He was placed into foster care before age 2. At 16, he was sentenced as an adult. At 30, he was released on parole. Soon after his release he fathered a child.
“If you can imagine having an early childhood like he had, and then being incarcerated for as many years as he’d been alive, only to come out of the system as an adult, on parole, and to be put in the community and expected to thrive — it’s incredibly challenging,” said Bryan Geyer, a social worker in the fatherhood program at the Madonna Place in Norwich, tracing the case history of one recent participant.
“This is a dad who experienced incredible adversity his entire life and now has the opportunity to be a father — and wants nothing more than to be a father — and his child has been taken out of his care really due to no fault of his own,” said Geyer.
Men who have spent a lifetime in and out of the foster care system and the court system often do not feel comfortable working with the Connecticut Department of Children and Families (DCF), explained Jason Malcolm, the coordinator of fatherhood programming at Madonna Place.
“They need support, connections, a positive relationship, a role model,” Geyer said. “They need help translating difficult language and circumstances into something they can understand and act on.”
For almost a decade, Madonna Place has worked with DCF on the Fatherhood Initiative Program for eastern Connecticut — including Windham, New London, Tolland and Middlesex counties — aimed at fathers who have been separated from their children.
Last year, a $900,000 grant from DCF shared between six organizations, including Madonna Place, made it possible to intensify the program.
“This is a much more stepped up program with more resources and much more individualized work,” said Nany Gentes, the executive director of Madonna Place. “It’s really helping the dads who wanted nothing to do with DCF services to work with and engage with the department.”
With the help of the grant, Madonna Place hired three case workers, and has been able to help 12 fathers at a time communicate more effectively with DCF, understand what they need to do to satisfy the DCF and teach life skills necessary for fatherhood.
Communication is the greatest problem between fathers and DCF and that’s where Geyer says he can most help his clients.
“For dads separated from their children every day is a crisis and every day feels like a year,” Geyer said. “If you feel ignored you will stop engaging, that’s where we can help to give them the perspective and explain what’s going on, on DCFs end.”
DCF workers with dozens of cases can lead these fathers to feel like they’ve been forgotten.
And what fathers learn through individual work and group classes really does make a difference in the court room.
“The courts don’t always work in the person’s favor, but this program gives us hope. They assist us in court, they stand behind us and they believe in us as dads,” said Linwood Oates, a father from New London who voluntarily attended the programming at Madonna Place. “I’ve learned communication. I don’t have a problem speaking to anybody, but they have assisted me with the deliverance and the listening part on my behalf.”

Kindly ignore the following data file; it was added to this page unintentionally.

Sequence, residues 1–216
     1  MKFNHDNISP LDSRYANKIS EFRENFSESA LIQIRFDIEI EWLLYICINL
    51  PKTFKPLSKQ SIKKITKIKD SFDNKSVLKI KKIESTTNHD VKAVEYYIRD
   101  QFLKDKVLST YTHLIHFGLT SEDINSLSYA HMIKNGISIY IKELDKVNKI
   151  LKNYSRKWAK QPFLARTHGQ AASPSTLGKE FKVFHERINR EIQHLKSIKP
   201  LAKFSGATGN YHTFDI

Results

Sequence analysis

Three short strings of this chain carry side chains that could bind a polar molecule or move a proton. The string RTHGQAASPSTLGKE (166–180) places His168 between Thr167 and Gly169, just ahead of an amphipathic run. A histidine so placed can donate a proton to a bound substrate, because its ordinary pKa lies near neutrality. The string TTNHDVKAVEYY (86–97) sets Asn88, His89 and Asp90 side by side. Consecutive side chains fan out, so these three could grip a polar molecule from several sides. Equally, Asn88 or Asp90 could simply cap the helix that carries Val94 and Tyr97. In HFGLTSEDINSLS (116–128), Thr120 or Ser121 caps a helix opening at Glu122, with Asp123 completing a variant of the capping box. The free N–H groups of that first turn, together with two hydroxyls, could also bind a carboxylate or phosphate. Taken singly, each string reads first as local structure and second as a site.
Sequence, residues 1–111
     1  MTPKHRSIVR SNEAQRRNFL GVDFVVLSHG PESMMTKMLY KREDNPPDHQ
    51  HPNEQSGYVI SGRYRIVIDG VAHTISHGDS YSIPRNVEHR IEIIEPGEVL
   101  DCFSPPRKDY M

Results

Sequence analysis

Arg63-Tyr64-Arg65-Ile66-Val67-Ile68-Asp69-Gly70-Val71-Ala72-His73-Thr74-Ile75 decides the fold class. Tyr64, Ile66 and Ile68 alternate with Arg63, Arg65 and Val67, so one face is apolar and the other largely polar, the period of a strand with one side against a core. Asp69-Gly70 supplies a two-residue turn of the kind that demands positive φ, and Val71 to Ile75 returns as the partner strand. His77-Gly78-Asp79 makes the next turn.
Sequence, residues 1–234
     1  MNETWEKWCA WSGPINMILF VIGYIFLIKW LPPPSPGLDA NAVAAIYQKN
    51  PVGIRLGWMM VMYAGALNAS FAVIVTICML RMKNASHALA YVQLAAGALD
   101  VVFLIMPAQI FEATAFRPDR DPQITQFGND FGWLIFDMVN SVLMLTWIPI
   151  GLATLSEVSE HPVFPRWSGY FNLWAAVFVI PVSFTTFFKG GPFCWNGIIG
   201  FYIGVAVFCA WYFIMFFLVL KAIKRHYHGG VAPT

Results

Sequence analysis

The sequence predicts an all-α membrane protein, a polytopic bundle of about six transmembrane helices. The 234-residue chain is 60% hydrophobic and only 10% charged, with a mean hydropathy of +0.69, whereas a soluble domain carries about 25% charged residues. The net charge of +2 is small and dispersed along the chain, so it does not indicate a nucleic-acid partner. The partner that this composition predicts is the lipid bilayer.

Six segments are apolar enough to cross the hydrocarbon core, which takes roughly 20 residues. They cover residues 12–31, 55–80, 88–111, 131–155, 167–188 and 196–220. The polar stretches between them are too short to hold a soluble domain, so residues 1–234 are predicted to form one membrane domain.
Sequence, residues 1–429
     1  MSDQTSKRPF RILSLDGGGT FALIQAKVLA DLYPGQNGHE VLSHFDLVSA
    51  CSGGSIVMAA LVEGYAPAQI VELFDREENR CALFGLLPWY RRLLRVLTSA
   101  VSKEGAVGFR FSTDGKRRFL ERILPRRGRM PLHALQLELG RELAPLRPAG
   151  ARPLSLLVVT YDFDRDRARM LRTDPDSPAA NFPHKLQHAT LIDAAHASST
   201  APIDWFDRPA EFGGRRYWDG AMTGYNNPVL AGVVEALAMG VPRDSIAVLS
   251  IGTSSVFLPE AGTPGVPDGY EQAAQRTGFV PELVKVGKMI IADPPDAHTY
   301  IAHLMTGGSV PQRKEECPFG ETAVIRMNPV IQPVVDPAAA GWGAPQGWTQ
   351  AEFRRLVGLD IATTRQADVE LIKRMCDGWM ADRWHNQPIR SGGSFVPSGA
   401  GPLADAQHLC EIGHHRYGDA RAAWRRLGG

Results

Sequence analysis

Oates was in the middle of a custody battle when he first went to Madonna Place. Today he communicates better with the mother of his children, and is able to see his children nearly every day.
So far Madonna Place has worked with 40 fathers. And each father has received individual attention from caseworkers for up to six months through the grant program. According to Malcolm, this attention has helped many to successfully regain custody or visitation rights.
Balancing a system geared toward women
Gentes pointed out this program just barely makes a dent in the inequality of programming geared toward mothers not fathers.
“Instead of six months, mothers can receive up to six years of individual attention all for free,” Gentes said. “The reason we are providing services uniquely for fathers is because they have been overlooked for a long time. Fathers have struggled with system bias through many of the systems they’ve had to deal with whether it was the child support system or the court system.”
At one time, Gentes said, the phrase “dead beat dad” was common place in the child support and court system. Now, Madonna Place and others are trying to change that terminology to “dead broke dad.”
“In 1991 when I started at Madonna Place the whole system was just focused on children and mothers, the whole setup was not even to look at fathers. If you were caught with the father in the home and you didn’t report his income you would be thrown off welfare,” Gentes said. “There was nothing to encourage the father being involved. It was all, let’s help the poor mom and child and the heck with the father.”
Programs like this one are helping to re-right that wrong, Gentes said, and hopefully will continue to be funded.
“We need to be helping fathers, because we know when the dad is involved the outcomes are better for the child, the dad, the family and the community.”